Nearly 200 people in the United States die from accidental carbon monoxide poisonings every year, and thousands more are hospitalized. The problem is often traced to leaky heating systems or badly-ventilated generators.
Carbon monoxide (CO) is a colorless, odorless, and deadly poisonous gas that is emitted by burning fuel sources, such as wood, coal, charcoal, oil, kerosene, propane, and natural gas.
CO is also produced by equipment powered by an internal combustion engine, such as cars, portable generators, lawn mowers, etc. In 2005 alone, 94 people died from generator-related CO poisonings, including 47 during power outages during severe weather.
What is Carbon Monoxide Poisoning?
When you breathe carbon monoxide instead of oxygen, your vital organs are deprived of the oxygen that cells need to function and survive. Without oxygen, cells begin to die within minutes. Exposure to high levels of CO can rapidly cause loss of consciousness and death.
Symptoms typically become apparent when levels of CO exceed 70 parts per million (ppm). The symptoms of mild CO poisoning are similar to the flu, which can result in tragic deaths — especially in slowly-developing residential poisonings.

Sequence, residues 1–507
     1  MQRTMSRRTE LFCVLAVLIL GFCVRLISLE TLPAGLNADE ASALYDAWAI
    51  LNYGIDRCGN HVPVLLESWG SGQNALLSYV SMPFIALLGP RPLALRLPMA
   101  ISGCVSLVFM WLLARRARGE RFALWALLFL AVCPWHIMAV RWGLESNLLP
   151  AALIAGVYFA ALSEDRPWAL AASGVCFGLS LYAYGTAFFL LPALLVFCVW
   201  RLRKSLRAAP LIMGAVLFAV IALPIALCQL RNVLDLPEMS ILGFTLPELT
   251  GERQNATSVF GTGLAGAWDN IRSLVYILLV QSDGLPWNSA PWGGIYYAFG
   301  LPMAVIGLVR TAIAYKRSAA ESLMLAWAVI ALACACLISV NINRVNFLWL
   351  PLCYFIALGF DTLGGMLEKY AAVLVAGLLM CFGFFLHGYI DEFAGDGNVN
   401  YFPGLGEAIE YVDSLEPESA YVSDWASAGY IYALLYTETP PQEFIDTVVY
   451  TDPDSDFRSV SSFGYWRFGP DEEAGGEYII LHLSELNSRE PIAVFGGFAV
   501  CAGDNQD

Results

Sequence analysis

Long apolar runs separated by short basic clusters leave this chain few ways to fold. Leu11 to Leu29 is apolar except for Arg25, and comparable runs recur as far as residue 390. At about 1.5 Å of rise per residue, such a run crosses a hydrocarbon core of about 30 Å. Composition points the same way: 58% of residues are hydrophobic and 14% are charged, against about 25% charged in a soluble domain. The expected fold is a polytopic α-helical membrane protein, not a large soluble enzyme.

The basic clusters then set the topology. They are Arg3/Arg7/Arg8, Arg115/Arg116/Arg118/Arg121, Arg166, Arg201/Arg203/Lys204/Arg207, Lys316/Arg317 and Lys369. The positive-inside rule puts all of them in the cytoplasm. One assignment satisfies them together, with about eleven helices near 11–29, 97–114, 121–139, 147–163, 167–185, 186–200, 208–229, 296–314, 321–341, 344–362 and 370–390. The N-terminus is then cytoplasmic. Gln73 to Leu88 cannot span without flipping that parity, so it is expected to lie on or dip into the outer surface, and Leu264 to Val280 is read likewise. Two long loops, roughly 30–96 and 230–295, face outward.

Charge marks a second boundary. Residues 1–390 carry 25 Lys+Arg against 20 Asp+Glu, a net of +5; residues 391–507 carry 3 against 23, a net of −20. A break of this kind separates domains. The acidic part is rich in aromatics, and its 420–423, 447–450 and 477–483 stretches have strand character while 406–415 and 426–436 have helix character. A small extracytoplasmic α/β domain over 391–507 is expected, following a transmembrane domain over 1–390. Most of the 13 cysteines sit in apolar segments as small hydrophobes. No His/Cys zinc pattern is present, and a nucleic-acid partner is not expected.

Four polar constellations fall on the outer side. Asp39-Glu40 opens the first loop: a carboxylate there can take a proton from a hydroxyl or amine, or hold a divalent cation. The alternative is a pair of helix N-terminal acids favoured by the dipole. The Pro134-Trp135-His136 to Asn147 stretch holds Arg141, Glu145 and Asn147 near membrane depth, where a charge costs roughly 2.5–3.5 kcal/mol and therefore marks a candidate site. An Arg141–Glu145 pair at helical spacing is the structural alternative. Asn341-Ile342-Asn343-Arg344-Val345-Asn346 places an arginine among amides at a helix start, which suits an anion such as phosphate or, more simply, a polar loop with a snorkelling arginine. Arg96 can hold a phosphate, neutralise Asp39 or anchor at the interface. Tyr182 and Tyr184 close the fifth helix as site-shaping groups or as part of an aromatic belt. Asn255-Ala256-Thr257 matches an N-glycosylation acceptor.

Symptoms of mild or moderate poisoning may include:
- Shortness of breath
As levels of CO exceed 150-200 ppm, symptoms become progressively more severe:
- Problems walking
- Loss of consciousness
- Muscle weakness
For people who survive carbon monoxide poisoning, the long-term side effects often include brain damage Millions of brain cells die for every minute they do not have oxygen, resulting in permanent cognitive problems. These complications may include memory loss, confusion, decreased processing speed, problems with multi-tasking, attention-span, chronic headaches, trouble sleeping, and more.
$28.2 Million Awarded to Wyoming Woman Injured by Carbon Monoxide
October 2014 — The Billings Gazette reports that a federal judge has upheld a record-setting jury verdict in favor of a 23 year-old woman who nearly died from carbon monoxide poisoning after the furnace leaked at her apartment complex. Click here to read more.
$35 Million Awarded to Restaurant Workers Exposed to Carbon Monoxide
July 2010 — A jury in Baltimore awarded nearly $35 million to 20 workers at Ruth’s Chris Steak House after they were exposed to toxic levels of carbon monoxide from a leaking boiler, according to the Daily Record.
Dozens of Elementary School Students Injured by Carbon Monoxide Leak
December 2012 — NBC News reports that a carbon monoxide leak from a faulty furnace at Finch Elementary School in Atlanta, Georgia caused 43 students and 6 staffers to be taken to the emergency room. The carbon monoxide reading was 1,700 ppm. Click here to read more.
Texas Oil Workers Awarded $1.3 Million for Carbon Monoxide Brain Injury Lawsuit
June 2014 — Valley Central reports that a jury in Texas has awarded $1.375 million to four electricians who suffered hypoxic brain injuries after they were trapped in a room that was accidentally flooded with carbon monoxide by another crew working on the fire-safety system. Click here to read more.